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What is a silk press hair treatment? – Stylist Magazine

Written by Florie Mwanza
Want to wear your natural, afro-textured hair straight without risking heat damage or getting a permanent chemical relaxer? According to the internet, a silk press is the answer to your prayers. Florie Mwanza shares everything you need to know about the process.
Since I first big-chopped over a decade ago, I’ve shaved my head bald (twice), worn my hair in a bleach-blonde short crop, grown huge afros, learned how to make perfect braid partings, and mastered the temperamental twist-out.
Despite how versatile my hair has proven to be and how adept I’ve become at nurturing it, the thought of experimenting with straight styles terrifies me. And who could blame me? For people with natural afro hair, achieving sleek, straight locks is only possible one of two ways: by either using a chemical relaxer, or high heat to straighten out the curled and coiled strands. 
With chemical relaxers being permanent, heat straightening is the next best option, and according to social media, a silk press is the way to go. This temporary treatment is so popular, it’s currently a breakout search on Google Trends, has over 3 million posts on Instagram and the silk press hashtag on TikTok boasts around 325 million views.
Although the treatment involves high heat, Kash Bishop, hairstylist at Neville Hair and Beauty in Belgravia, assures me that there’s a very low risk of heat damage when done right. I haven’t seen myself with sheet-straight hair since I had a relaxer over 10 years ago, so I jumped at the chance to rock sleek locks again.
Given the fact that I had many questions I needed answering before fully committing, I’m sure you do too. Below, find answers to all your silk press FAQs.
When a chemical relaxer is applied to natural hair it lifts the hair cuticle, penetrates the cortex and breaks the bonds that make it curly, to leave it permanently straight. In comparison, a silk press is essentially a very thorough process of flat-ironing. The temporary straightening effect lasts only as long as you “keep your hair away from water, steam or sweat, as moisture will cause it to revert back to its natural curl,” says Bishop.
Using Keracare’s three-step thermal wonder system – which is designed for silk press treatments – Bishop pre-’pooed my hair with the conditioner, washed it out with the moisturising shampoo, and then applied the sealing heat protectant to my towel-dried hair.
According to the hairstylist, “The real MVP of a great silk press is moisture.” Because I have low-porosity hair that’s resistant to soaking up the hydration it desperately needs, during the pre-poo step I sat under a hooded dryer for 20 minutes to encourage my cuticles to open up and absorb the treatment.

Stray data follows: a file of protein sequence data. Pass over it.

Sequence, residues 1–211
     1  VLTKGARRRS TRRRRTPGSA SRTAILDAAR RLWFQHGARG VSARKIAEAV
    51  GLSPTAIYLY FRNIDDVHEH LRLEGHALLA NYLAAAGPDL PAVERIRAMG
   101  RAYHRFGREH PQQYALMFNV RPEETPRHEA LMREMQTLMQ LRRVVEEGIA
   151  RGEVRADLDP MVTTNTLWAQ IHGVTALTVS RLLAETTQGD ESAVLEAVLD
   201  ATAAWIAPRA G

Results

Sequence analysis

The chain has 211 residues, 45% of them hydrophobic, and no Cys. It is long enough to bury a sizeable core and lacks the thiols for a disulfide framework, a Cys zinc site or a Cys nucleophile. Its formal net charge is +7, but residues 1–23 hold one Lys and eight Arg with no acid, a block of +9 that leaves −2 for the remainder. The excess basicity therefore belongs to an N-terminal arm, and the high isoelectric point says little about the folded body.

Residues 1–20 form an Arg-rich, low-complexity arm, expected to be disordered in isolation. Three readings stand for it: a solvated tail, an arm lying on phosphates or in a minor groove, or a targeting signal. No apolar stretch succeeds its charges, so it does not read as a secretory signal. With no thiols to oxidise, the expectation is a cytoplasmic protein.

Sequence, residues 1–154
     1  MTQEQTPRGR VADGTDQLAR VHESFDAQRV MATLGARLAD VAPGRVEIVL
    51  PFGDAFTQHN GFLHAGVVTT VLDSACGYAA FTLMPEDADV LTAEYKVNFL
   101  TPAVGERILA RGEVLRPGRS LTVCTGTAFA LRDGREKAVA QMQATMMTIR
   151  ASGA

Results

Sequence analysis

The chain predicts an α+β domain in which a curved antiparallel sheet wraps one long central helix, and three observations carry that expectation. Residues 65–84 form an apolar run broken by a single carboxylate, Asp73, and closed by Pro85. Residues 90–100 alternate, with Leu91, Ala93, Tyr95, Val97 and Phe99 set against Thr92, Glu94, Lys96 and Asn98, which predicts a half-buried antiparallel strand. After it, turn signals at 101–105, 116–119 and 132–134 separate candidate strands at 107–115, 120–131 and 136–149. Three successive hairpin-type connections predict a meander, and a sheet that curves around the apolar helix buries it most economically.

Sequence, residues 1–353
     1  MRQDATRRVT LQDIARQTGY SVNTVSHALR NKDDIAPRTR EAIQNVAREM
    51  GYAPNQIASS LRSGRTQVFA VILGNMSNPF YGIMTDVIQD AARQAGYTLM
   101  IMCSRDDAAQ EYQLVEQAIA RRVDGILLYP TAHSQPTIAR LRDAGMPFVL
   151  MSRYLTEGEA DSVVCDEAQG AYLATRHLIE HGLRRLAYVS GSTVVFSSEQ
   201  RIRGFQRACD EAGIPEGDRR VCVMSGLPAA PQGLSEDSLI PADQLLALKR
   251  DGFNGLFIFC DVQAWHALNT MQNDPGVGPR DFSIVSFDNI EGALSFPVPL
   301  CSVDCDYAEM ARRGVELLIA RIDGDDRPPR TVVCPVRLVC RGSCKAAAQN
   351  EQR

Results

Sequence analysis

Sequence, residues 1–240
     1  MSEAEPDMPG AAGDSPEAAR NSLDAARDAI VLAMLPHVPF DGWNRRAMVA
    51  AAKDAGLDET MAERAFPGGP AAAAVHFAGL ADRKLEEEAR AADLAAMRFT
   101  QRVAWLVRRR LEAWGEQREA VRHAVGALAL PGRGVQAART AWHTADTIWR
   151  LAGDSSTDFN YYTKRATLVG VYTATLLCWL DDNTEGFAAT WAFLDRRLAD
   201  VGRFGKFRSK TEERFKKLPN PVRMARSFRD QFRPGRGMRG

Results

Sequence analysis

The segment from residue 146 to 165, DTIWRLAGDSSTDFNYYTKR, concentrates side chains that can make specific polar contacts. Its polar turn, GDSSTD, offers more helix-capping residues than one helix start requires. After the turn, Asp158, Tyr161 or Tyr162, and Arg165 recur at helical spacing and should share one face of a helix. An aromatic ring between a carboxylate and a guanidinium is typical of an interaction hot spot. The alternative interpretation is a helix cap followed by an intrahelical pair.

Once the heat protectant is sprayed on, there’s no need to apply a leave-in conditioner as you normally would. This is because the heat protectant “seals the cuticles, making hair easier to detangle, as well as protecting it from heat,” Bishop explains.
What sets a silk press apart from regular hair straightening, is that high heat is applied to small sections of hair using slow passes – leaving no hair untouched. My hair was blow-dried in tiny sections on a high heat, with a paddle brush used to further detangle. After blow drying, the hair stylist took small sections of hair and straightened them using a very specific method; he made three slow passes to straighten my roots, and then using a fine tooth comb to separate the strands, he made two slow passes down the length of each section. The treatment ended with a trim and a quick styling session. 
One of the reasons I’m resistant to heat-styling my hair is because the rewards are so short-lived. Although I loved the results of my silk press, I found myself constantly monitoring whether my roots were reverting – and was tempted to straighten them when they started curling back up five days in.
Bishop says: “The average silk press can last between seven to 10 days depending on how active you are in your daily life.” That makes it a great option if you want to change your look for a few days, but an impractical one if you intend to break a sweat during that time.
To keep the hair sleek and in place, the Bishop advises: “Lay off adding excessive product as it’ll weigh the hair down; avoid using any heat when styling; wrap your hair in a silk scarf each night to keep it protected.” I don’t know how to wrap my hair, so pin-curled it in large sections instead, and the bouncy curls masked my poofy roots perfectly.
According to Bishop, “Adding heat to textured hair too frequently can cause irreversible damage to the curl pattern. Taking two to three-month breaks between silk presses allows the hair to maintain its integrity.”
As long as you have the right products and don’t use excessive heat, a silk press is easy to attempt at home. But, Bishop warns: “Only a professional hair stylist can accurately detect heat damage. Going to a professional will guarantee you get the style without playing trial and error with the health of your hair.” 
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Images: Florie Mwanza.
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